Learning to Look: Visual Literacy
~A Photo Essay~
Summary: A Group of Urban Ducks Tour Portland’s Oldtown | Chinatown Galleries and Explore Public Art as Part of the Arts and Administration Program’s Arts and Visual Literacy. Urban Ducks are newly accepted and admitted University of Oregon students who have the opportunity to take courses at the White Stag Block.
Students in David Bretz’s Arts and Administration Program course, Art and Visual Literacy came to the University of Oregon in Portland’s White Stag location on July 12 for a special tour of art galleries and public art in the region. The course is geared to encourage
Students [to] explore the interactions of the physical, perceptual, affective, and cognitive modes of learning elements of experience, and how [these elements] come together in creating interpretations and forming judgments about the visual world.
The Friday, July 12 convergence began with a lecture by Bretz to introduce the students to the importance of noticing and observing their environment, to “start seeing and looking more and more at [their] personal environment and to recognize the culture of another.” [Instructor David Bretz]. Bretz continued, emphasizing that “artists are always coming up with new ideas and ways of expressing ideas” —letting us, as the audience, know “we are not alone in our (or their) feelings.” We, as the observers of culture and art, noted Bretz, are being “[pushed] as an audience to see more than what we would normally see” by art, architectural decoration | embellishment and design.
After the tour, I asked the instructor to comment on the course thus far and to summarize his reflections not only regarding the objectives of the course but also in relation to his students. What follows is instructor Bretz’s response:
Art and Visual Literacy is a course that is designed to assist individuals in becoming more conscious of and more adept at using visualization as part of their intuitive intelligences. This course draws upon the cultural matrix of ideas and practices associated with the arts to develop a broader understanding of the visual world and our interactions with the innumerable things we see. In addition, students are introduced to a set of conceptual skills for actively shaping and creating meanings in their visual culture.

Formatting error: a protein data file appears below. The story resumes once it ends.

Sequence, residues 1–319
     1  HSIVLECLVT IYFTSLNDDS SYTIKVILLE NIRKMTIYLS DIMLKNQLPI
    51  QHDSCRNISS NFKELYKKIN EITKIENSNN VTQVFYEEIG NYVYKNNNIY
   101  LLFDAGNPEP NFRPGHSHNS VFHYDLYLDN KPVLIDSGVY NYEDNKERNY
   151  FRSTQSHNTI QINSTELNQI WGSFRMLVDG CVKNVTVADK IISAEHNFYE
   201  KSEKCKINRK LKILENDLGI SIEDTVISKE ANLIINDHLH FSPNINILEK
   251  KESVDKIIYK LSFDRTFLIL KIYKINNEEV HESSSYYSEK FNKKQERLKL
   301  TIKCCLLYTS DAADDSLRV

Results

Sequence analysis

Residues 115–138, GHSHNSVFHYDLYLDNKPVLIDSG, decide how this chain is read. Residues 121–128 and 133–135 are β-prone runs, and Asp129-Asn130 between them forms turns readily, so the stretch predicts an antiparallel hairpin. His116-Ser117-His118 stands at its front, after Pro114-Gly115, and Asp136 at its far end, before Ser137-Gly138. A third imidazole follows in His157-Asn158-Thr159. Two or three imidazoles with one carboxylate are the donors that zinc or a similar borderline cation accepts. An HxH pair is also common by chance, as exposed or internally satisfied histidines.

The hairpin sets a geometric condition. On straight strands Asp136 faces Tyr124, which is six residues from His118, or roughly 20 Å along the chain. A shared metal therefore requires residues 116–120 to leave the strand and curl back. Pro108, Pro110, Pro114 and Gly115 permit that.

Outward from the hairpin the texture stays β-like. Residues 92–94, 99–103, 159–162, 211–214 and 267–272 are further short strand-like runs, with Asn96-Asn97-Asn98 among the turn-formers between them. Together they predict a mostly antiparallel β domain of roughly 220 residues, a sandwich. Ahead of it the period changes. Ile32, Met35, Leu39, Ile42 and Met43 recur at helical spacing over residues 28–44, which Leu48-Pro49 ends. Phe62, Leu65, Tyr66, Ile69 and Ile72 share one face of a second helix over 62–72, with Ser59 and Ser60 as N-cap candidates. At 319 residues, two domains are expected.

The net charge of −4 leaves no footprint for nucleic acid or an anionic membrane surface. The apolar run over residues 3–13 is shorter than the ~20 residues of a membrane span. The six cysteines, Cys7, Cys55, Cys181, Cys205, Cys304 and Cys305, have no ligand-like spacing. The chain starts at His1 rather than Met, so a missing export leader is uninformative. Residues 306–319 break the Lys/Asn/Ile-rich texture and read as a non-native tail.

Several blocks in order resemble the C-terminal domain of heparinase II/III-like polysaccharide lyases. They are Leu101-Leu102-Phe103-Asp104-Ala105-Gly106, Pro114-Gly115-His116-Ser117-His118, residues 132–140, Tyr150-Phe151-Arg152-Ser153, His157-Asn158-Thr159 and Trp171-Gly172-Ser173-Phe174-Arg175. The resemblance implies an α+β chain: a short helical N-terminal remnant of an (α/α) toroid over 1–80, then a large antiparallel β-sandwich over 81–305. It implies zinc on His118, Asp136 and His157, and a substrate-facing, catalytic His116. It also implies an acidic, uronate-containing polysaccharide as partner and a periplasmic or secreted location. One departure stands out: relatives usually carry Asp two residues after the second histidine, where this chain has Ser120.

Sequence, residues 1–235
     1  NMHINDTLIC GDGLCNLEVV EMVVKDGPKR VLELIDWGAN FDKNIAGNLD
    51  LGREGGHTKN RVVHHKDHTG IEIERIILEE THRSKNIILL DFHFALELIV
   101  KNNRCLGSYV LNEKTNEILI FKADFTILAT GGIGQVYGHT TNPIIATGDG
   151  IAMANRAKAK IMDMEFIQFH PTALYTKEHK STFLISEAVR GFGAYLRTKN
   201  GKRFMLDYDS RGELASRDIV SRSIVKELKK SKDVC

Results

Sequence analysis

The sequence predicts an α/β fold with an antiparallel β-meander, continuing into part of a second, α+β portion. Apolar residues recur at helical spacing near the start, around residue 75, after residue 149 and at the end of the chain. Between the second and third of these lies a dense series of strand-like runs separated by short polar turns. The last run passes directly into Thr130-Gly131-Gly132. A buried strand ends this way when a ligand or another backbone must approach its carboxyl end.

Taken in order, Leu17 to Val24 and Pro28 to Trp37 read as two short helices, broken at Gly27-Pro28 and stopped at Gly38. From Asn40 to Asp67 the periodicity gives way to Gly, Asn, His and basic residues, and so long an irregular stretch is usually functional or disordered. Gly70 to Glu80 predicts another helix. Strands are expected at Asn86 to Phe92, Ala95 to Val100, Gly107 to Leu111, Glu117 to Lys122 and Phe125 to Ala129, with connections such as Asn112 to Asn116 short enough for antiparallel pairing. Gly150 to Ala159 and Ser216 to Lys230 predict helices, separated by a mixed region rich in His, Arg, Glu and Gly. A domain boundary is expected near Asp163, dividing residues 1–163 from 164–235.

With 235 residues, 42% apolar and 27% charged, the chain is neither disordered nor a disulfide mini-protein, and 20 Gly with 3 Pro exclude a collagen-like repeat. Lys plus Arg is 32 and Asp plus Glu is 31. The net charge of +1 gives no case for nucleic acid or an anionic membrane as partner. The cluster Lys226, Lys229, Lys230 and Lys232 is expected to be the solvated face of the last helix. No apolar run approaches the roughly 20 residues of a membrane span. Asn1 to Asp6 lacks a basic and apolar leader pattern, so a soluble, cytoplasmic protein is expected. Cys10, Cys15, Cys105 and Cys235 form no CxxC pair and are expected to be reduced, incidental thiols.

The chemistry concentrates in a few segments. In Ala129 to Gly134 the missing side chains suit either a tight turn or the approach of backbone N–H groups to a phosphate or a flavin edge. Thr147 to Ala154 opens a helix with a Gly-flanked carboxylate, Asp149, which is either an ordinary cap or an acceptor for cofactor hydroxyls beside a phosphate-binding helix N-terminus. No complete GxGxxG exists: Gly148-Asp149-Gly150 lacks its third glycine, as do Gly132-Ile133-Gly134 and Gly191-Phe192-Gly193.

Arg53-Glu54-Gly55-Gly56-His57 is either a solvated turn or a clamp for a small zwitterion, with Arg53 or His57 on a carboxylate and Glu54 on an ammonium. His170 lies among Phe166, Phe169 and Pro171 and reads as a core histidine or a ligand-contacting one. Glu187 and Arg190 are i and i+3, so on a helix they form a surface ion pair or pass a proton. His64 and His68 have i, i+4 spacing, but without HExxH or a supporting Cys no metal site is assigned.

The objective of the tour was to have students experience looking at a variety of visual phenomena within a specific cultural environment of China Town and the Pearl District in downtown Portland. I thought the students were attentive and interactive with the various visual images we observed. I thought it particularly interesting to observe the students looking at and using the terms of the elements and principles of design in their descriptions and discussions of various architectural details on buildings in this area of Portland. In addition to looking at signage, wall murals, sculpture and landscaping in this urban center, the students visited three art galleries, Butters Gallery LTD, Augen Gallery, and Froelick Gallery.
I have a culturally diverse class with European Americans, Vietnamese, Chinese, and Korean students. An objective was to have students look at a variety of objects and art within a specific area noting the culturally influenced architecture, sculpture and landscape decorations and to analyze and make meaning from what they perceive. I remember discussing an image under a street-side sculpture, where there was a carved granite stone with an image of a fish and an abacus. I asked the students to identify what these images were. There was no problem with the image of the fish, but only the Asian students knew about the image of the abacus. They called it a “calculator”…
I noticed that the students were beginning to use their descriptive and interpretational skills when they viewed the art in the three galleries we visited. It is very gratifying to observe students using newly discovered skills when viewing art. I believe the students were engaged in viewing the variety of visual art and objects, asking questions and contributing to discussions during the tour. I believe their willingness to explore art and culture and to express opinions and personal perspectives in this regard is commendable.
Images from July 12, 2013.